In announcing plans to realign a dangerous Broadway intersection early this month, Kingston mayor Steve Noble made reference to “the historic nature of this property,” site of the central post office demolished in 1970. “Built in 1908, the post office was an architectural marvel,” wrote Noble. “Its subsequent demolition to make way for a fast-food restaurant continues to haunt the city known for its historic character. The property most recently housed a Planet Wings.”
The mayor urged the acquisition of the property for public use and an effort “to design the space in a way that honors this lost historic gem.”
Common council majority leader Reynolds Scott-Childress backed the mayor’s proposal, saying reconfiguration of the complex and difficult intersection was crucial to improving the safety of Midtown drivers, pedestrians and bicyclists. In his email, Noble said 29 crashes were reported at the intersection over the past five years, including seven in which injuries were reported
Scott-Childress also said the neighborhood needed more green space, and that “the small park there will be an extra boon to area residents.”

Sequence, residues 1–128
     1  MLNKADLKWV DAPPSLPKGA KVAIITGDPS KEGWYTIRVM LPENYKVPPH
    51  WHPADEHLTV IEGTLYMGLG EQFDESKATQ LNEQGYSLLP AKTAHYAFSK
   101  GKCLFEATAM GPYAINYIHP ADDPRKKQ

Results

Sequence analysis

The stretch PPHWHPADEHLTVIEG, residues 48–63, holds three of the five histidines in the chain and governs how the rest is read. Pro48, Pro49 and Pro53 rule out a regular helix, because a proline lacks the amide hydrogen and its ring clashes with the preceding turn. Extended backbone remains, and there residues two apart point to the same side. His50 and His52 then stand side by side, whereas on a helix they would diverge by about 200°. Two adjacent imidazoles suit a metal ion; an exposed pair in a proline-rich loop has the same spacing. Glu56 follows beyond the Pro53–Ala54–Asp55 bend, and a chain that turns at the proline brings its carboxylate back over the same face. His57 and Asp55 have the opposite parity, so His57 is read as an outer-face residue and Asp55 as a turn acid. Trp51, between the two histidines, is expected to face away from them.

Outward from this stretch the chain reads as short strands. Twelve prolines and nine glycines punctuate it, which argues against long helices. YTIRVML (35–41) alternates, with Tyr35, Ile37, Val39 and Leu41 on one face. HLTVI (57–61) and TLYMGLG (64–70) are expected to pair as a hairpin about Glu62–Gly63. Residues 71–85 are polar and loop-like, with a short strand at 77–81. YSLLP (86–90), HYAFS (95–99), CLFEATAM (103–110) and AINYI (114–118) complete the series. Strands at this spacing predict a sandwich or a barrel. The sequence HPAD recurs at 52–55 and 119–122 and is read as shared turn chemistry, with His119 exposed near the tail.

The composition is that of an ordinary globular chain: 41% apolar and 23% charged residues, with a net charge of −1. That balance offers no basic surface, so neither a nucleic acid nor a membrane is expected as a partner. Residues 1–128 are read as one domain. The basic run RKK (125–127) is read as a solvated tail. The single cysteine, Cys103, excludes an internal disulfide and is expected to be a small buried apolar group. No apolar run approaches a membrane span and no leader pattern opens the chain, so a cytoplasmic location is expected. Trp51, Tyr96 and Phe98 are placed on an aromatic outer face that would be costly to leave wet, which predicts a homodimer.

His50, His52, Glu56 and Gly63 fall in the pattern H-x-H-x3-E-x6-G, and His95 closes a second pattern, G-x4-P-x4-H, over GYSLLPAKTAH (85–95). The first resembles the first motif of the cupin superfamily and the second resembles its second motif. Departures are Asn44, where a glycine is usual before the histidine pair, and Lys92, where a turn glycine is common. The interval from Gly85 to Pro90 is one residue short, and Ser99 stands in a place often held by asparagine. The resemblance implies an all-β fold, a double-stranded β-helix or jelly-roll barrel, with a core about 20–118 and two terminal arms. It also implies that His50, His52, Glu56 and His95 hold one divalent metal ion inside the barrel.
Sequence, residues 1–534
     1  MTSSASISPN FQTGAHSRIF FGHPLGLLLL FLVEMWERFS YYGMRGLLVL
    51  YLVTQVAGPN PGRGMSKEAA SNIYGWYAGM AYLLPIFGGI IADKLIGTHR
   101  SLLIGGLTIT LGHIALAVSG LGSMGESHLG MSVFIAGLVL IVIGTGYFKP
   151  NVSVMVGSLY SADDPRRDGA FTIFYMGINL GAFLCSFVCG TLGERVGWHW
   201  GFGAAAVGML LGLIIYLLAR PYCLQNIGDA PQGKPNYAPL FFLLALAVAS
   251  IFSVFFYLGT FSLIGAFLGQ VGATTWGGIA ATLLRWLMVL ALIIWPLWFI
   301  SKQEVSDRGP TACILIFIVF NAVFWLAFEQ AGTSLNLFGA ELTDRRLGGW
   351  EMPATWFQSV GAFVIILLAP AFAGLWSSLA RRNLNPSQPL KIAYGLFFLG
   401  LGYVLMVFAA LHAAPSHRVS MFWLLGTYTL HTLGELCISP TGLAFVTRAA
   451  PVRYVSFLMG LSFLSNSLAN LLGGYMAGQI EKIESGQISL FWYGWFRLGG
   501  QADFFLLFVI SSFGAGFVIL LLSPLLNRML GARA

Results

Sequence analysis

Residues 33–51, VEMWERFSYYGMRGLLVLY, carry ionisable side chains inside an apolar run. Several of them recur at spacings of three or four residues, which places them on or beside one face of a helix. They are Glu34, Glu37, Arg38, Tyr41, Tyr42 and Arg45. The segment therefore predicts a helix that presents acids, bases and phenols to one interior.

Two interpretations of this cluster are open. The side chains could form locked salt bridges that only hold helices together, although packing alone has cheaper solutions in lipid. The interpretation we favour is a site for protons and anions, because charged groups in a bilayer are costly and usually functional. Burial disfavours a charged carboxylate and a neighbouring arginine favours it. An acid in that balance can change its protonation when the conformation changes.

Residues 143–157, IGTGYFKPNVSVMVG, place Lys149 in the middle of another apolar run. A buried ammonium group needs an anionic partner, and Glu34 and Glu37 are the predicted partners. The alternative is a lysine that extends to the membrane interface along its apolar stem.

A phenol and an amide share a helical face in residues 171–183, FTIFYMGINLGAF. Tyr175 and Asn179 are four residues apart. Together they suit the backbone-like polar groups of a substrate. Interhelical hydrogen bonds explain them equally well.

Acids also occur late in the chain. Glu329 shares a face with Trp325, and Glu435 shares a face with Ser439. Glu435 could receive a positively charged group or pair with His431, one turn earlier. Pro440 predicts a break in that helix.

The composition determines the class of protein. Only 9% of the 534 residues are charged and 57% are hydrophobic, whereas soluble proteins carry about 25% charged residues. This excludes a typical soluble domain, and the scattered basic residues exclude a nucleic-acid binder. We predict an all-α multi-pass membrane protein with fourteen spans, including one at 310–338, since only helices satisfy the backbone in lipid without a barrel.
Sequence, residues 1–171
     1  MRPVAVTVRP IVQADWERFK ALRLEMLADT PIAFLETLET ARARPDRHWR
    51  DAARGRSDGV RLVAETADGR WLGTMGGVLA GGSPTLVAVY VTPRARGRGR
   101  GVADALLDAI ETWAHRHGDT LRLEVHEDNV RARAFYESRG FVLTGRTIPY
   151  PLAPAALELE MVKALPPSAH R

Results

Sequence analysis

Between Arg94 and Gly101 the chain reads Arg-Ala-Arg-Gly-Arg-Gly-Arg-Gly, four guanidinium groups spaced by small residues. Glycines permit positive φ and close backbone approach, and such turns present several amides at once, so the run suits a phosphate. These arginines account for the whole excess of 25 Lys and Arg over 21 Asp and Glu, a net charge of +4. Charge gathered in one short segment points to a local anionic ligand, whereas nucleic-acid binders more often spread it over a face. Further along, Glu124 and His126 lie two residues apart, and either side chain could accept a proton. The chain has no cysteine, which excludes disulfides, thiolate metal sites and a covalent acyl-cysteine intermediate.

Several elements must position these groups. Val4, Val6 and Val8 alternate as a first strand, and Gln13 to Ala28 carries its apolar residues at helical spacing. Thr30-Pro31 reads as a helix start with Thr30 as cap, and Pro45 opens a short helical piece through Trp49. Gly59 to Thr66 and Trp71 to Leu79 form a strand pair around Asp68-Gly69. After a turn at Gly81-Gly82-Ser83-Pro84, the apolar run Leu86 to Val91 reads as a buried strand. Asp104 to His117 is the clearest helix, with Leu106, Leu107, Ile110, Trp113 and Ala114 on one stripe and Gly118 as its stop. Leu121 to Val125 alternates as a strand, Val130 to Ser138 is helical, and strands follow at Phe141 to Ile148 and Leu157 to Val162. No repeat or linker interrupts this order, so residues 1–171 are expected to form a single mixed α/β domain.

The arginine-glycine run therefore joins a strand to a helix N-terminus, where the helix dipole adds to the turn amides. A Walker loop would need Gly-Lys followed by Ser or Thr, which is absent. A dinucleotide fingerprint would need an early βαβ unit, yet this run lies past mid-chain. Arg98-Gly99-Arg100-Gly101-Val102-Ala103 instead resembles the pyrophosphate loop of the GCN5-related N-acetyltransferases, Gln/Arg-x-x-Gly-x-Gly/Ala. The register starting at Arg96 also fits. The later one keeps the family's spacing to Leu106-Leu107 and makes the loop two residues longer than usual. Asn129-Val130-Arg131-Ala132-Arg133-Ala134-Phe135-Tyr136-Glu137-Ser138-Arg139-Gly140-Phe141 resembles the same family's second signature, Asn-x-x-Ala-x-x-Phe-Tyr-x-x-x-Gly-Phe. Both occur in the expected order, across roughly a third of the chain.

Kingstonians old enough to have fond memories of the old post office torn down a half-century ago overwhelmingly favor a symbolic tribute to it in the small park that will be created there. But some in the younger generations don’t share the nostalgic feeling for a landmark whose grandeur they never directly experienced. The feeling is apparently especially strong in Midtown’s artistic community, in which there’s strong dissent to practically anything that smacks of establishment thinking.
It’s not as though they didn’t like the old post office, but “Everybody has a right to their own memories,” one of the dissident Midtown artists declared.
“The old post office is so yesterday,” opined another middle-aged artist who declined to give his name because “I don’t want the Code Enforcement Nazis bursting into my studio.”
This artist, whose several years of washing dishes in Kingston’s trendier eateries has given him a taste for culinary judgments, has fond memories of patronizing Planet Wings for breakfast practically every early afternoon. “It had killer hot sauce,” he said. “I used to call it The Poor Man’s Sriracha. Better than Texas Pete.”
He and his friends considered several alternative fast-food incarnations for commemoration, he said. The Jack in the Box got little support, the ice-cream joint none. Dunkin’ Donuts was criticized for letting its 2017 plan to take over the site fell through.
Finally, the group commissioned Patrick Pellicano to do a rough sketch of what they had in mind for a commemoration.
The mayor was unavailable for immediate comment.